Global Connect Initiative

What is the Global Connect Initiative?

In September 2015, the U.S. Department of State launched the Global Connect Initiative (GCI) with the aim of catalyzing multistakeholder partnerships to bring 1.5 billion new internet users online by 2020. This initiative to help bridge the digital divide has three interrelated goals:

  1. to encourage finance ministers to make internet access central to all development and growth initiatives

  2. to work in cooperation with multilateral development banks (MDBs) in order to double public and private lending for connectivity and digital technologies

  3. to harness the knowledge, skills, and resources of the tech community to implement solutions for high-speed, affordable broadband access

In April 2016, the first high-level Global Connect meeting was convened by the President of the World Bank, Jim Yong Kim, and U.S. Secretary of State, John Kerry, to discuss and devise practical ways to make internet connectivity more available, accessible, and affordable around the world. Secretary Kerry urged international investors, multilateral development banks, and finance ministers to consider long-term contributions they can make to integrate connectivity projects into their development plans and strategies, underscoring the essential value of the internet to achieve economic prosperity in the 21st century. At the meeting, 65 initiatives were announced to support future connectivity projects valued at more than $20 billion in investments. Thus far, GCI has received dozens of expressions of support from governments, industry, and civil society.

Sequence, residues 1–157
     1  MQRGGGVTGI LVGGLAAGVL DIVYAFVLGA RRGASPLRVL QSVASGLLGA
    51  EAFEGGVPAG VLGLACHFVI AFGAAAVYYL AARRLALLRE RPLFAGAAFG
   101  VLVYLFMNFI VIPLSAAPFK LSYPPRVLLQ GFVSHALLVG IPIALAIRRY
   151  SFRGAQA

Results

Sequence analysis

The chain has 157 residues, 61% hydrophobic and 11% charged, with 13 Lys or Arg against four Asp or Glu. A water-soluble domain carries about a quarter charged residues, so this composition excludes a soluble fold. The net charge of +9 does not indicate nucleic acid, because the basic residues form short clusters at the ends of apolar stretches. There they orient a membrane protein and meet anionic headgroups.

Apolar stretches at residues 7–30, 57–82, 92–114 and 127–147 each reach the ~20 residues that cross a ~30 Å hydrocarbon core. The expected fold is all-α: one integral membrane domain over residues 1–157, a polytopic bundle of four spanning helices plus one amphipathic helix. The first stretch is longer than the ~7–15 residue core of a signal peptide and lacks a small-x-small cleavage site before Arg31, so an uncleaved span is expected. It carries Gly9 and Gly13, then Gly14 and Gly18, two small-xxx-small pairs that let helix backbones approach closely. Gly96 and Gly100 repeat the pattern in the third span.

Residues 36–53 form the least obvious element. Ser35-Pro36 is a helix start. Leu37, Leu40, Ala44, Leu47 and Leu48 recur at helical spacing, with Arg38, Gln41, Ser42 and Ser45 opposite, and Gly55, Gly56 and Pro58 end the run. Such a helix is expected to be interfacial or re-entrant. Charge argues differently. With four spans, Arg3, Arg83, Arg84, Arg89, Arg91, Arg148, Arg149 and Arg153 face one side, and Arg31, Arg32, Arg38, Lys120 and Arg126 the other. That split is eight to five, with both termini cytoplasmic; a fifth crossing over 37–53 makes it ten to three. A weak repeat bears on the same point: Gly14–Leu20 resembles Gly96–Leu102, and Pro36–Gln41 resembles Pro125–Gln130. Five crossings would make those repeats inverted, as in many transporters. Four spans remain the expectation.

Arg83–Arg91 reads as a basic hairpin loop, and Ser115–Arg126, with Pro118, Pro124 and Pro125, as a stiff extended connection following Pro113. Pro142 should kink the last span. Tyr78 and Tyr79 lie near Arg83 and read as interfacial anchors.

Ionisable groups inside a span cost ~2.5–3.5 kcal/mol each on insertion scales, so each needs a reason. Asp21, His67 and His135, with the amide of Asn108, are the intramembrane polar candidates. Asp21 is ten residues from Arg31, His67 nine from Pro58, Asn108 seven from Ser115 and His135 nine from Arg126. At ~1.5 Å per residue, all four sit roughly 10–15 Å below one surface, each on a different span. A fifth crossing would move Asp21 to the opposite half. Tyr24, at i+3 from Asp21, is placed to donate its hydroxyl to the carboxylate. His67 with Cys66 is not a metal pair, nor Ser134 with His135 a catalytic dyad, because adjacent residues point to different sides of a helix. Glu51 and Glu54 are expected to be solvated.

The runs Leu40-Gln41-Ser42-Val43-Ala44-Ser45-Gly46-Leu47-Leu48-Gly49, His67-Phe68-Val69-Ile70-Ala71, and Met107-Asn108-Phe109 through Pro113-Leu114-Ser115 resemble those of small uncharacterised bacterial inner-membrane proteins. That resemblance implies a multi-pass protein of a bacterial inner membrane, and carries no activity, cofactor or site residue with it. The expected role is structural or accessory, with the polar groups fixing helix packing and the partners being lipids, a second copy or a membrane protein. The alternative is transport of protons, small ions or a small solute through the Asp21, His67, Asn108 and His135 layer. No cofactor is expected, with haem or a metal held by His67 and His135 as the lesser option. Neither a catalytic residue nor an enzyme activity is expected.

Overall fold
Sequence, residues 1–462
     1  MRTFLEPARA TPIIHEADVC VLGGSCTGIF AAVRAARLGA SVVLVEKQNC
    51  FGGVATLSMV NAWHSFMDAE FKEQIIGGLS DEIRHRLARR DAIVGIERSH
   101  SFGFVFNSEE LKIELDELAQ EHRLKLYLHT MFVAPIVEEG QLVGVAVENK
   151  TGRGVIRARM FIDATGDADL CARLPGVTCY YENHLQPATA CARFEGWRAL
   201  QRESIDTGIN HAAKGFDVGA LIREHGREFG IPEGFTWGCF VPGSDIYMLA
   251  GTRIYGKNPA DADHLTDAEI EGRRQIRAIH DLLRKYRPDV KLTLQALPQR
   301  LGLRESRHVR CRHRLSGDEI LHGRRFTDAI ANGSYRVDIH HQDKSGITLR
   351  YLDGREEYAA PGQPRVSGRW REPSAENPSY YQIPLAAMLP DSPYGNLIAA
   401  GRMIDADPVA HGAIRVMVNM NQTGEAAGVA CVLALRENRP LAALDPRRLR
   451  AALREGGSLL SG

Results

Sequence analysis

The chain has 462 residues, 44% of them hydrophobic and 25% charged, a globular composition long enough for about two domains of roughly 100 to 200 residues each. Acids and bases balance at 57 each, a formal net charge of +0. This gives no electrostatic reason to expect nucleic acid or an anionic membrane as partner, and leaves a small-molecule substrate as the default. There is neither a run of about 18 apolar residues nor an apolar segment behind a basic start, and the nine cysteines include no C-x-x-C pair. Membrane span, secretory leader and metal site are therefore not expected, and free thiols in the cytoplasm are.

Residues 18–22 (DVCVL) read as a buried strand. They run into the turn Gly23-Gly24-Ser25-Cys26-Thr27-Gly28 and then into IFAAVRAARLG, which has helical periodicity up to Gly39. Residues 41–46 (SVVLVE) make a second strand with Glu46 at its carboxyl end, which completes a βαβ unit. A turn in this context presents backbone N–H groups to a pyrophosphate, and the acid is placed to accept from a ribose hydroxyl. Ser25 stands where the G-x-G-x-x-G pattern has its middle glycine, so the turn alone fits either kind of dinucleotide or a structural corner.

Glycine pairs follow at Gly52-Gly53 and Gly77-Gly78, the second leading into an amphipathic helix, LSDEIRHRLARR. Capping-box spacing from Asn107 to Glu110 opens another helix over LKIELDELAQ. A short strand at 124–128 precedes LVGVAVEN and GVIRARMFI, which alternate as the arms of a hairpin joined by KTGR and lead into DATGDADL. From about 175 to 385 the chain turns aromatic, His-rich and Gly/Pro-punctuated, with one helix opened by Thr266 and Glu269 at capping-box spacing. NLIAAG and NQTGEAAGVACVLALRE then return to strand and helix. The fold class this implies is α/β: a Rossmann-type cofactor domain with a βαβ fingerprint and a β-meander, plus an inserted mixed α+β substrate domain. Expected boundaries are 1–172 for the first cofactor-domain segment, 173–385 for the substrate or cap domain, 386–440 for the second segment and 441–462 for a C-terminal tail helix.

How does it relate to the Global Development Agenda?

The Global Connect Initiative was announced two days after the United Nations (UN) unanimously adopted the Sustainable Development Goals (SDGs), which aim to eliminate poverty and hunger and increase access to education and health services by 2030. Recent data demonstrates that the realization of the SDGs will rely heavily on Information and Communication Technologies (ICTs) to promote economic and social transformation, as well as fundamental human rights, including access to knowledge and freedom of expression.

Global Connect presents a unique opportunity for stakeholders to enable and accelerate progress on all 17 SDGs with the help of internet connectivity and many of the goals are in fact directly related to connectivity. For instance, a key target for SDG 9 calls to significantly increase access to ICTs and provide universal and affordable internet access in least developed countries by 2020. Additionally, SDG 17 includes a target to ensure that technology aids the implementation of all other goals. It is clear from the UN commitments and Global Connect that internet connectivity should be prioritized in the international development context by donors, recipients, governments, the tech community, and international organizations.

Where we stand